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A new poll from Vanderbilt University shows that Tennessee voters prefer that the state run the online health care exchange required by the federal Affordable Health Care Act, with Republicans more adamant about the issue than voters as a whole.
That sentiment reflected by the Vanderbilt Poll conflicts with the actions of Republican Gov. Bill Haslam. He informed the U.S. Department of Health and Human Services Dec. 10 that Tennessee is declining to create and run the exchange, an online marketplace where state residents can shop for health coverage. That means the federal government will step in and do it.
“If a health care exchange must be created, the voters of Tennessee place more trust in the state than the federal government to do it,” said John Geer, Gertrude Conaway Vanderbilt Professor of Political Science and co-director of the Center for the Study of Democratic Institutions at Vanderbilt. “And Republicans are even more trusting of the state to run the health care exchange than Democrats. That may be a surprise to some, but it makes sense since Republicans have long had more faith in state governments than Democrats.”
The online exchange question was one of more than 45 asked of 829 registered voters using landlines and cell phones from Nov. 27 to Dec. 9 by the Vanderbilt Poll. Among all Tennesseans, 53 percent wanted the state to run the exchange and just 33 percent wanted the federal government to do so. Seventy-three percent of Republicans wanted the state to run the health care exchange, compared with 31 percent of Democrats and 59 percent of independents.
The poll, conducted by Princeton Survey Research Associates International, has a margin of error of plus or minus four percentage points.
Voters were also asked about a wide variety of other issues likely to impact the legislature during its next session, which begins in January. The database of findings will be available online at the website of the Center for the Study of Democratic Institutions at Vanderbilt.
“Elections can only reveal which candidates voters prefer,” said Josh Clinton, associate professor of political scienceand co-director of the Center for the Study of Democratic Institutions at Vanderbilt. “The Vanderbilt Poll gives us a unique opportunity to explore what the voters think about the many important issues that confront our state and country. The poll offers extraordinary insights into what voters think and care about.”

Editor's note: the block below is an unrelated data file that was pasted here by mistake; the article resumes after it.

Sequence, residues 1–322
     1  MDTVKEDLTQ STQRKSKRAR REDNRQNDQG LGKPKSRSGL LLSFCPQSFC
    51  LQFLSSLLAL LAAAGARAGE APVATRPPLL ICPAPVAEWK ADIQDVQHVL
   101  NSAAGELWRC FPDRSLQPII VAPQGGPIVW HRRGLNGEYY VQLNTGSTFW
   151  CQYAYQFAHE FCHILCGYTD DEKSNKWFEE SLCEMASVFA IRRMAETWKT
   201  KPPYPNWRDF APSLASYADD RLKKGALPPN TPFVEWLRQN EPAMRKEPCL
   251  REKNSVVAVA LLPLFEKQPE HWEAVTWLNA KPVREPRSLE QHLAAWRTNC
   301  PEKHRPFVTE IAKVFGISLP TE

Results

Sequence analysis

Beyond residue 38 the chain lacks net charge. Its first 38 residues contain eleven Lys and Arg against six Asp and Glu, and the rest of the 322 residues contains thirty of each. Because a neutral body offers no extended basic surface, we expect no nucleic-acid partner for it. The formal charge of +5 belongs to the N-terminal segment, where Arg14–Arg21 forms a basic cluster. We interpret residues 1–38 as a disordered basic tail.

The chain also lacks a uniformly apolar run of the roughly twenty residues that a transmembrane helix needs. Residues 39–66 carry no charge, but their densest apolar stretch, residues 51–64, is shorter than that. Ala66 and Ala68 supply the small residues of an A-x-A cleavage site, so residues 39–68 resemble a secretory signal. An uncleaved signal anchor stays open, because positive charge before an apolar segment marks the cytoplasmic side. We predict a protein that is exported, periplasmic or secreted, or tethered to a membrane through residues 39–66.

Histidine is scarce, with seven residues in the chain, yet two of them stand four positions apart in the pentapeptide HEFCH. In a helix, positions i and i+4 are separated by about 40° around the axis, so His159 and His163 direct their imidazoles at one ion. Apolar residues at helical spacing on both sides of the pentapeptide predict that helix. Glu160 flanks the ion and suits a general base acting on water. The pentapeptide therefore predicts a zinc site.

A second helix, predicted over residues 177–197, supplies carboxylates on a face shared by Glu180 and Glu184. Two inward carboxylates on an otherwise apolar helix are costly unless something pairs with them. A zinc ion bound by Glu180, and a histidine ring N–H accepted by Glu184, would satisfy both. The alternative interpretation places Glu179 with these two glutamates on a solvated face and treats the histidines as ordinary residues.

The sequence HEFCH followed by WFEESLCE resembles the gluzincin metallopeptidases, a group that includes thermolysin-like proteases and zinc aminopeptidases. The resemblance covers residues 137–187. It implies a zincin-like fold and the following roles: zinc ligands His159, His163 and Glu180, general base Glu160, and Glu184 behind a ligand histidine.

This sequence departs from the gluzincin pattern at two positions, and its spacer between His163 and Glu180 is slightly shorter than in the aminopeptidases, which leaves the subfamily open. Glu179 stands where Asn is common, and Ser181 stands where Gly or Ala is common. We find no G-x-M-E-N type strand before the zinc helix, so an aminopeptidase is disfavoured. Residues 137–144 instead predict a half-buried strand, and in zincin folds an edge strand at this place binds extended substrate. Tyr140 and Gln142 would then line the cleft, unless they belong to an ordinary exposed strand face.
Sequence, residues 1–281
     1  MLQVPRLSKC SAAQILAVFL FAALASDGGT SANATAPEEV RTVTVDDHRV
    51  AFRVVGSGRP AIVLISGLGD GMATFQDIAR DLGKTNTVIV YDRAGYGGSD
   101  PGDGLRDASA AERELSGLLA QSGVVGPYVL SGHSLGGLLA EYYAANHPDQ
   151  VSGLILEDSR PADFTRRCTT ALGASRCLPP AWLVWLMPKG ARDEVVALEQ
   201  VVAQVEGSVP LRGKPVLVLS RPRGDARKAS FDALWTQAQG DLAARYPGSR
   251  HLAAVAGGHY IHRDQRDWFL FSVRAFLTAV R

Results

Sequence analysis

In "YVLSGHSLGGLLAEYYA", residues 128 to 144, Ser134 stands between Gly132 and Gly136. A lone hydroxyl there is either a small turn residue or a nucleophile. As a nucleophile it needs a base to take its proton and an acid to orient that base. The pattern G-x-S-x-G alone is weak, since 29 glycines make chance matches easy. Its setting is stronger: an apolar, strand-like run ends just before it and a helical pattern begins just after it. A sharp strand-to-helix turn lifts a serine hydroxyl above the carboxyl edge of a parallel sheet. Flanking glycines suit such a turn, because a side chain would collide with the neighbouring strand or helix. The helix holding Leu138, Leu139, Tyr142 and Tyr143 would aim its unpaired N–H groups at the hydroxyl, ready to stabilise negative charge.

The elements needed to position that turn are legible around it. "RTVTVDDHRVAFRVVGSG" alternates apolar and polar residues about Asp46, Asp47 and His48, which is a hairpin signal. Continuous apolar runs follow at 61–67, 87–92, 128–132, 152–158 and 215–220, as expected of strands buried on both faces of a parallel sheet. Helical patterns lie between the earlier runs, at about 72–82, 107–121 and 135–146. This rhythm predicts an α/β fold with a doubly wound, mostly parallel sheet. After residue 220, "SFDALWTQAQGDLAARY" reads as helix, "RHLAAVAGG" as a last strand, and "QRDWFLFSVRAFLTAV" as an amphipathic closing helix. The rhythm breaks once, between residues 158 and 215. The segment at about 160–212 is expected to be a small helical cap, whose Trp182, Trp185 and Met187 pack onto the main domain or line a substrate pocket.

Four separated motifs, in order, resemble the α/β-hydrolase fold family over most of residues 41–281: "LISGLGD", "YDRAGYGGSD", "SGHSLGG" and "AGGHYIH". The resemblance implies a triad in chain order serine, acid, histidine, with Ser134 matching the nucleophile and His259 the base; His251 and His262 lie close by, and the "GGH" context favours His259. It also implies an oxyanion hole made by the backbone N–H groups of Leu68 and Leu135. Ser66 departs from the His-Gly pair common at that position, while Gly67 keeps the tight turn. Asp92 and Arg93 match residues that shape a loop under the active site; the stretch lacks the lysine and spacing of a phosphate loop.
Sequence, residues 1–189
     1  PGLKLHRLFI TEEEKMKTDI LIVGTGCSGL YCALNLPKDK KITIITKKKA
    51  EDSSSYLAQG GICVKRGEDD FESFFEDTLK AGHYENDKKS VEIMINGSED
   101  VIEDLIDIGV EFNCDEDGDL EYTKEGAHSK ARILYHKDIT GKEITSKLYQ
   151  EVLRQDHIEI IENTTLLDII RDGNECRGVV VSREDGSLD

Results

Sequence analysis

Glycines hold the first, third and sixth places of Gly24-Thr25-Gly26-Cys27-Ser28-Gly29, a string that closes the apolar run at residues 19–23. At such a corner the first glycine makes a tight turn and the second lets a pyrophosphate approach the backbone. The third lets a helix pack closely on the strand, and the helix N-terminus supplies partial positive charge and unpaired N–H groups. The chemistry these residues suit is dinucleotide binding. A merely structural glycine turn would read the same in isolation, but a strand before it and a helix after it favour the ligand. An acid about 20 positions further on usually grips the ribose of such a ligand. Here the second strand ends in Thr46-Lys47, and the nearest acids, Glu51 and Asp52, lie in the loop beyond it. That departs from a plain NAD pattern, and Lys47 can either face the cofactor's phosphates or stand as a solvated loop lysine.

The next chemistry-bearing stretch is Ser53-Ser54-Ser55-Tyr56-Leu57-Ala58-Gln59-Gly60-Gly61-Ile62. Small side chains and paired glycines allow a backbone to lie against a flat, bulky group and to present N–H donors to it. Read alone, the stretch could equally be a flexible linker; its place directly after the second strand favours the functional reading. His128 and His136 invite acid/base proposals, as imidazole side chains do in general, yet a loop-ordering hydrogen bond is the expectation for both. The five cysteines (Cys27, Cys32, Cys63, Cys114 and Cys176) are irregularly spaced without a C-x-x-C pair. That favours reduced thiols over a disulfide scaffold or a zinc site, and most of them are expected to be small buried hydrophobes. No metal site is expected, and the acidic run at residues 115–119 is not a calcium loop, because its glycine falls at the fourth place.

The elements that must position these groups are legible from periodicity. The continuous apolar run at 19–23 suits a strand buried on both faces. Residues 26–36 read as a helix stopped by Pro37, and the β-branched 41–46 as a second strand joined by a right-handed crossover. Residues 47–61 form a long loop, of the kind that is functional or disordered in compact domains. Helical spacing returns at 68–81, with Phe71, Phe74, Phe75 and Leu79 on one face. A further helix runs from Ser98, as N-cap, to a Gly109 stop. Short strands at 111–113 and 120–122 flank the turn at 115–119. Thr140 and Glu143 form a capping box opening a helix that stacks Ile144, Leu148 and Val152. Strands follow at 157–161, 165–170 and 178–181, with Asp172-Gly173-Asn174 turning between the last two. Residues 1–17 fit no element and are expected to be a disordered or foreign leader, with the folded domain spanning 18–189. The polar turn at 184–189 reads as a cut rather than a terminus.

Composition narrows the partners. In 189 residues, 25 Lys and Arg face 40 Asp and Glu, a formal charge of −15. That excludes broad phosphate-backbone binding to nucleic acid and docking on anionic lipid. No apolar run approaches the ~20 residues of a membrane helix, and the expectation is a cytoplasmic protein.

Among the findings:
The Center for the Study of Democratic Institutions at Vanderbilt aims to foster an engaging intellectual environment to explore how political institutions shape political debate, ameliorate conflicts and influence public policy.
(N = 829; Margin of Error +/- 4.3%)
41a. Allow the tax cuts passed in 2001 and 2003 to expire for families earning over $250,000 per year.
41b. Reduce the value of itemized tax deductions, such as for child care and mortgages, for families earning over $250,000 per year.
41c. Raise the eligibility age for Medicare from 65 to 67 years old.
41d. Place strict limits on how much money Washington will spend on Medicaid and Medicare.
41e. Freeze spending on non-defense domestic programs such as education, parks, and housing through the year 2019.
About how many years have you lived in Tennessee? (IF LIVED IN TN OFF-AND-ON, READ: Please think about the total time you have lived in Tennessee.)
Are you, yourself, of Hispanic or Latino origin or descent, such as Mexican, Puerto Rican, Cuban, or some other Latin American background?
What is your race? Are you white, black, Asian, or some other race?
Generally speaking, do you usually think of yourself as a
IDEO1. We hear a lot of talk these days about conservatives and liberals. How would you generally describe your views on most political matters? Are you
IDEO2. We hear a lot of talk these days about conservatives and progressives. How would you generally describe your views on most political matters? Are you
What is the highest level of school you have completed or the highest degree you have received?
How often do you attend church, mosque, synagogue or other place of worship? Do you attend
Would you call yourself a born-again Christian – that is, have you personally had a conversion experience related to Jesus Christ?
Before taxes, was your total household income in 2011?
For more information, see the Center for the Study of Democratic Institutions website.
Jim Patterson, (615) 322-NEWS
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